Performance reviews: Should you respond to negative comments?

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Question:  “In my performance review, my boss included some negative comments from his own manager. Since I don’t agree with these remarks, I said so in the “Employee Comments” section of the appraisal form. I stood up for what I believe to be true, but now I wonder if I made a mistake.  What do you think?”  — Uncertain Employee

Marie's Answer: I think you’re worrying about the wrong thing. Instead of fretting over your response, you should be trying to correct management's negative impressions. Here are some things to consider:

•    Your appraisal form will soon be filed away and forgotten, but negative management perceptions could affect your career for a long time. After all, higher-level managers approve raises, sign off on promotions and decide who gets laid off. 

•    Even if you disagree with the higher manager, you need to understand the reasons behind the unfavorable comments. Your boss probably knows, so request an explanation, then ask him to help you repair your reputation.

•    If the higher manager is acting on inaccurate information, you should provide the facts as soon as possible. But if your performance is at issue, then you must take a long, hard look in the mirror and decide whether changes are in order.

Adding rebuttal comments to your appraisal was completely appropriate, as long as you expressed yourself in a mature, professional manner. But if your written remarks were irrational or overly emotional, ask whether you can submit a corrected version. 

For Office Coach tips on dealing with negative appraisals, see How to Respond to a Bad Review

{ 5 comments… read them below or add one }

Dottie January 27, 2011 at 3:23 pm

This fiscal year I did not get a raise. My manager has been negative towards me all year long so I was not surprised when I was told I got a “0″ raise. I do not trust my manager because I have found him to be untruthful. He gave me the staff member names that commented on my performance review. I contacted the staff members personally and asked them to send me a copy of what they sent to my Manager. I found out that he altered everyone of their comments to make me sound horrible. What can I do about this, I believe it is illegal to tamper with a person’s comment and change the whole meaning of the comments?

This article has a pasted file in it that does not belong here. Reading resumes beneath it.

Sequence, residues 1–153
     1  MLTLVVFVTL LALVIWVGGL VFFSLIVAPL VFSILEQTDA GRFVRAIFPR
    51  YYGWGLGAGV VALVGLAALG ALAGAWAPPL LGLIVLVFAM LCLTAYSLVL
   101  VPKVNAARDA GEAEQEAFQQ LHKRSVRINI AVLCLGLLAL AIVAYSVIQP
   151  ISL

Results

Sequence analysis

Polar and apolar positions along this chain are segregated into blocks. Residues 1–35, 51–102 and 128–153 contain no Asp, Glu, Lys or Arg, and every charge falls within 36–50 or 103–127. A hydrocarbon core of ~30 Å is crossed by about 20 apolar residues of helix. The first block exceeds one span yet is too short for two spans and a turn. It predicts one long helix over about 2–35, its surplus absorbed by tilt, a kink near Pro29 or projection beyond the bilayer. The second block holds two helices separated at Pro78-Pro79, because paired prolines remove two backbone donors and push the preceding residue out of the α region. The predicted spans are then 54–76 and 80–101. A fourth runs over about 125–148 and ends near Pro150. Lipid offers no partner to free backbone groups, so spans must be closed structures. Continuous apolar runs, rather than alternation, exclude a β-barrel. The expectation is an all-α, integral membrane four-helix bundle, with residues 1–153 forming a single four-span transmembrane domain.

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Des October 21, 2009 at 9:15 pm

I think you should respond to negative comments. Sometimes, I honestly feel that most managers don’t really know how to evaluate employees.

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Mohan M Prasad September 21, 2009 at 6:52 am

Generally, these appraisal comments and feedback are confirmatory endorsement of the dialogue one had during the appraisal interface. I assume there was a dialogue and you had an opportunity to dispassionately correct the view points of the manager as put forth by your Boss.

If this was not done and the process was just the recording of the negative comment by the Boss in your form and on which you did not agree, perhaps you could have taken the initiative to open out a dialogue with your boss to seek data and clarify your point of view. Thereafter your filling in the same in the employee comment column would be quite fair and reasonable and in the greater interest of the organization.

It’s always wise and prudent to put on record anything (especially on matters which impacts your seniors) after you have had an”interface dialogue’ seeking and providing mutual clarity on the matter under reference.

We should be sensitive to this with our seniors especially .

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Srinivasan May 13, 2009 at 11:14 pm

First of all, there need to be good transparency when appraisal process is done. If boss does not trust, then the problem arises… In fact, every boss to act as a HR Manager.

Assuming that there are negative comments and they are not rumours, it is always to counter them very positively so that the message goes down all the levels. It is better to clarify rather than push under carpet.

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Kathy May 13, 2009 at 3:01 pm

My review was not negative, but it wasn’t as positive as I thought it should be; he did not want to rate me “excellent” in all categories, because if an employee is rated “poor” or “excellent” the manager has to provide comments. So, I created an Excel spreadsheet that has the main areas listed on the eval. in which we are rated and am keeping a record of a lot of tasks, respnsibilities, etc. that fall into those categories. So, next year I will send him the spreadsheet so he can see exactly how I exceeded “average” over the previous year. I don’t expect to be over rated, but I would like to be accurately rated.

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